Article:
Wile E. Coyote or Dr. Henry Miller? You be the judge!
Those of you who read my not-so-super-secret other blog (or who follow the news) familiar with this, but I feel that what happened over the last couple of weeks with respect to a man to whom I like to refer as “America’s Quack” is worth posting right here, in modified form.
Last week, a group of ten doctors led by Dr. Henry Miller, most of whom were affiliated either with the Hoover Institution or the American Council on Science and Health (ACSH)—or both—wrote a letter to Lee Goldman, MD, the Dean of the Faculties of Health Sciences and Medicine at Columbia University complaining that Dr. Mehmet Oz shouldn’t be faculty at Columbia University because of his “disdain for science and for evidence-based medicine, as well as baseless and relentless opposition to the genetic engineering of food crops” and “an egregious lack of integrity by promoting quack treatments and cures in the interest of personal financial gain.” The letter produced a fair amount of media attention a week ago. I originally mildly approved of it, but over the course of a few days after the letter was released, my opinion on it soured. The reasons were several and included a profound distaste for threatening letters sent to a person’s employers, admittedly based in part on my own experiences having been at the receiving end of such intimidation tactics, as well as a concern that the letter had been written with no clear purpose behind it other than as a publicity stunt to embarrass Dr. Oz and Columbia. When I learned that Dr. Oz was planning to answer the letter on his show this week, there were predictions that this particularly bone-headed publicity stunt would backfire spectacularly. And it did.
Bold moves from the New York State attorney general’s (AG) office are shaking up the supplement industry. In February, the AG accused four retailers (GNC, Target, Walmart, and Walgreens) of selling supplements that failed to contain their labelled ingredients. Using a testing method called “DNA barcoding“, the AG’s office concluded that few of the products it tested actually contained the labelled ingredient, and some contained undisclosed ingredients. It demanded that they stop the sale of those products. All four retailers complied.
When the recall occurred, I noted that the AG may not have had an airtight case: manufacturers and other critics challenged the AG’s methodology, claiming that DNA barcoding was unvalidated, inappropriate, and insufficient. They also stated that the DNA may not survive processing, so the absence of DNA didn’t imply a lack of the original product. Some claimed that the “contaminants” that AG found could have been acceptable fillers. The Attorney General refused to release further information about the testing methods it used, raising further questions about its validity. (more…)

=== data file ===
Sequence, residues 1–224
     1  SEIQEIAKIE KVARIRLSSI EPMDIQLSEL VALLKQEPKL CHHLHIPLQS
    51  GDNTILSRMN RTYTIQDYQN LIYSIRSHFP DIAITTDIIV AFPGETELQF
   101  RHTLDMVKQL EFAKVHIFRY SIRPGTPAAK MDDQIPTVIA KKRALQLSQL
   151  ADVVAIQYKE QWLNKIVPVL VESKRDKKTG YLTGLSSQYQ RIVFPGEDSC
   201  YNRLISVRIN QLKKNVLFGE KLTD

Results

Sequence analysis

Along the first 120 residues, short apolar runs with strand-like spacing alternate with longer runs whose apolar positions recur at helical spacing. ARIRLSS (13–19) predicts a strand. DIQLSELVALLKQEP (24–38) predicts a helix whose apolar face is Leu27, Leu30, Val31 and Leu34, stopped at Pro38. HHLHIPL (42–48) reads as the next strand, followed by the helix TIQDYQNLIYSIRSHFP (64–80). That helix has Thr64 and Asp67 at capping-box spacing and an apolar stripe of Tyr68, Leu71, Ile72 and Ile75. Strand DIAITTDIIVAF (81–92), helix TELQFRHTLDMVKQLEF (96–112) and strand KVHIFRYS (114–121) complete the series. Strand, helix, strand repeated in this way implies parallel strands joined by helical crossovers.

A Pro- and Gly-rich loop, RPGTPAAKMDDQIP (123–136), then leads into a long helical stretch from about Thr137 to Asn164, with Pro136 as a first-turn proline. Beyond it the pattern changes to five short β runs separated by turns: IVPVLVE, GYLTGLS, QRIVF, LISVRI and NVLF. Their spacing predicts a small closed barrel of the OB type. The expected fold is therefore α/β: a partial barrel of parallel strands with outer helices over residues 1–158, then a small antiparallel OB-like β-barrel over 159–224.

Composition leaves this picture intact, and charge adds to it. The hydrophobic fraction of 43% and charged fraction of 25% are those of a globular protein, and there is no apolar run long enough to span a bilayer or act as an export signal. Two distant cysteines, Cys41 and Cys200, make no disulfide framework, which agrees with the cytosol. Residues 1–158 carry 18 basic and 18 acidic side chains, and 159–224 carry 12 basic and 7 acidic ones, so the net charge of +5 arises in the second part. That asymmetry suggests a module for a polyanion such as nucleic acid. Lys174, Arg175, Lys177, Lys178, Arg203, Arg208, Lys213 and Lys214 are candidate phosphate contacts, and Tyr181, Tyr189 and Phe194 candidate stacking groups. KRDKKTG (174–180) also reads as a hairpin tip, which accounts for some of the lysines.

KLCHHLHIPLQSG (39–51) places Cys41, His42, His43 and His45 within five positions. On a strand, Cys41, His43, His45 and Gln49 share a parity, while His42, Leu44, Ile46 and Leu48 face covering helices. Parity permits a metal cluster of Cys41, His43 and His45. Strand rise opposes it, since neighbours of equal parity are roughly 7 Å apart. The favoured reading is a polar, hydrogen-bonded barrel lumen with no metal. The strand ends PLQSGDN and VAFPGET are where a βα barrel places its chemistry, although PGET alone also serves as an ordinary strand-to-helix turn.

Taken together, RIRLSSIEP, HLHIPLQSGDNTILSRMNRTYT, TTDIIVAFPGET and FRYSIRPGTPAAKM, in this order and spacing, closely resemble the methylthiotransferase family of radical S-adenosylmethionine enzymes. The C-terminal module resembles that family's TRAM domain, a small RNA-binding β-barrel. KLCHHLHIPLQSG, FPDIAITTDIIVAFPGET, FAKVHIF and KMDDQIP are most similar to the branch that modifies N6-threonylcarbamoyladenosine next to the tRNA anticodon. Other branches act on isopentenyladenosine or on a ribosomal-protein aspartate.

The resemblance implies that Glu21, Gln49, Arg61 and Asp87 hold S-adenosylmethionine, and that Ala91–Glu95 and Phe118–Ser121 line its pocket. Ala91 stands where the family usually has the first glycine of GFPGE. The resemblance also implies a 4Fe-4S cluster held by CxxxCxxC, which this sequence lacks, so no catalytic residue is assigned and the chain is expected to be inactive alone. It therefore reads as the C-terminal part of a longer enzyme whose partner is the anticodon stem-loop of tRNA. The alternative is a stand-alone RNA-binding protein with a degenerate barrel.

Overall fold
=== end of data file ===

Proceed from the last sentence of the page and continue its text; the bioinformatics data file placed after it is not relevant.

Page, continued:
Another kind of coffee pyramid scheme. Largest pyramid of coffee cups from the India Book of Records.
When my husband was helping a friend with a project at the house of someone he didn’t know, the lady of the house gave him an earful about the health benefits of the coffee sold by Healthy Habits Global (HHG), a multilevel marketing (MLM) enterprise for which she is a distributor. She sent him home with samples and a brochure with a long list of health claims. She told him she could provide lots of testimonials, and there was a wealth of evidence for her products on PubMed.
Before believing any health claims, especially from an unknown source, it is only prudent to examine the evidence. I consulted the company website, PubMed, and other sources; and I learned that the company’s advertising was full of false information and the whole rationale of the products was questionable. I am not persuaded that HHG coffee has any health benefits. It appears to be just another in a long line of gimmicks used by MLM businesses to sell untested, usually ineffective “health” products to gullible consumers who have little knowledge of science. (more…)
Coming soon, to a chiropractor’s office near you?
Chiropractors are once again engaged in intra-fraternal warfare over the chiropractic scope of practice, a saga we’ve chronicled before on SBM. (See the references at end of this post.) Every time it looks like the warring factions have buried their differences, they come rising to the surface like zombies.
The International Chiropractors Association (ICA), representing the “straight” faction, wants chiropractic to continue as a drugless profession. They are happy to detect and correct subluxations, thereby removing “nerve interference” and “allowing the body to heal itself” in the tradition of Daniel David Palmer. But the American Chiropractic Association (ACA) has bigger fish to fry.
This time, the ICA is upset that the ACA House of Delegates up and decided to establish a “College of Pharmacology and Toxicology,” which would operate under the auspices of the ACA Council on Diagnosis and Internal Disorders. The ACA’s announcement of the “College” is rather vague on details:
The purpose of the College is to further educate the chiropractic profession on clinical matters related to the widespread use of both prescription and over-the-counter medications and nutritional supplements.
I e-mailed the ACA several days ago asking for more information but have yet to receive a reply.